Audrey Hepburn has been a household name for the last seven decades, having revolutionized Hollywood and femininity, but she did not do it alone. Hubert de Givenchy’s relationship with Audrey was as beautiful and true as the pieces he created for her. Iconic images from Funny Face, Sabrina, and Breakfast at Tiffany’s would not be possible without the genius and artistry of Givenchy.
Although Hepburn preached that Givenchy provided her with the confidence she had in her films through each look, “The Audrey Look” was crafted by both Hepburn and Givenchy together. Its significant impact on the world of fashion, film, costume, and couture, can be summarized as an elegance of the blossoming realm of Hollywood, yet attainable to dreamers around the globe.
The two budding stars met in 1953. Hepburn just wrapped on her first starring film, Roman Holiday, and Givenchy was presenting his debut fashion collection which brought him international acclaim overnight. When Givenchy received word that “Miss Hepburn” wanted to see him, he assumed it to be Katharine Hepburn. When the stars met, Hepburn asked Givecnhy to make the wardrobe for her upcoming role in Sabrina. His initial reaction was to decline due to the demands of his forthcoming collection, however, he had been charmed by Hepburn and agreed.
The Sabrina storyline of a woman who returns from Paris and catches the eyes of her father’s wealthy employee’s sons was the perfect channel to launch the Givenchy/Hepburn partnership. Givenchy dressed Hepburn in a total of eight films, until her death.
“The Look” focused on simplicity in an era of “excess.” Hollywood was overflowing with diamonds, fabrics, and figure curvature, while Givenchy focused on an uncomplicated, copyable silhouette that radiates the same power. Patterns to Givenchy’s looks sold for as little as one dollar, so that every woman, no matter the stature, could feel that sense of refinement Hepburn portrayed in her films. “Women can look like Audrey Hepburn if they want to – by flipping out their hair, and buying the large sunglasses and the little sleeveless dresses. I created a look in order to make something of myself.” -Hepburn, 1989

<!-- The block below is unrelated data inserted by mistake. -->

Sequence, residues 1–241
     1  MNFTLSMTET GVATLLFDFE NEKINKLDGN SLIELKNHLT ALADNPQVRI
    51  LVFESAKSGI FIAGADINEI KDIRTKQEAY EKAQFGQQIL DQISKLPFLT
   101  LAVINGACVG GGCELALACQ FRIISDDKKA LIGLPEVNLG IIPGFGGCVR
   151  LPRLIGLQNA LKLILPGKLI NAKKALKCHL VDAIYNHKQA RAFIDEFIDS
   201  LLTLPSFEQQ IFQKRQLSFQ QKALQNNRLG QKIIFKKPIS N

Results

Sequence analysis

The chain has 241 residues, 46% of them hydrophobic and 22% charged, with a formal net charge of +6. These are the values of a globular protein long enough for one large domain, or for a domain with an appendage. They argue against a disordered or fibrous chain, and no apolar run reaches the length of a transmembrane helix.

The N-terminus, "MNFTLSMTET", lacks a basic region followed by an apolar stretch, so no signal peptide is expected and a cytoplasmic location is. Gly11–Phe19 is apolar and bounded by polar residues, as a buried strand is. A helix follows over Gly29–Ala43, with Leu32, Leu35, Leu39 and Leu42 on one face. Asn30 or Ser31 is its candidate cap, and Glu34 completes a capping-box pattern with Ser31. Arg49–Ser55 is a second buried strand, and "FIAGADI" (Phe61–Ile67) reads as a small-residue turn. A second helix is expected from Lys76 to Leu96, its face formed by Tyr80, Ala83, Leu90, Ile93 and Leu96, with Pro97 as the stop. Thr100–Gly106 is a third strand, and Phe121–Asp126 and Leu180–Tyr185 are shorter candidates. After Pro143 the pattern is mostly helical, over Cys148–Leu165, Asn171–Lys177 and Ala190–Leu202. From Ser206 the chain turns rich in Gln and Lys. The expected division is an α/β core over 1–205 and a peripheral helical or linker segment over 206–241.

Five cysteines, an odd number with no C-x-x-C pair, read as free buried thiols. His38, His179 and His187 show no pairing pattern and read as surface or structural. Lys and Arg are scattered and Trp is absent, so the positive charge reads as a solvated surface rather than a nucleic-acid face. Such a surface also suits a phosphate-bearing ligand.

The opening scene of Breakfast at Tiffany’s is known as one of the most iconic fashion moments in film history. The beehive updo, draped pearls, and black Italian satin evening gown, combined with an image of Holly Golightly (Audrey Hepburn) drinking coffee from a paper cup on Fifth Avenue is forever ingrained in the minds of movie-watchers and fashion fanatics everywhere.
Givenchy’s inspiration for the gown originated in 1925 when Chanel designed black “garconne” dresses that were tubular little black dresses (to be deemed “the Ford motor car of the searson”). Givenchy designed a sleeveless, floor-length dress with a slit and fitted bodice along with a matching pair of gloves for the opening scene.
Hepburn and Givenchy worked together on each look featured in each film; they were a team and treated each other as equals. As his muse, Hepburn wore each look with the poise and class sewn into the garments, redefining feminine beauty in a simple, straightforward way.
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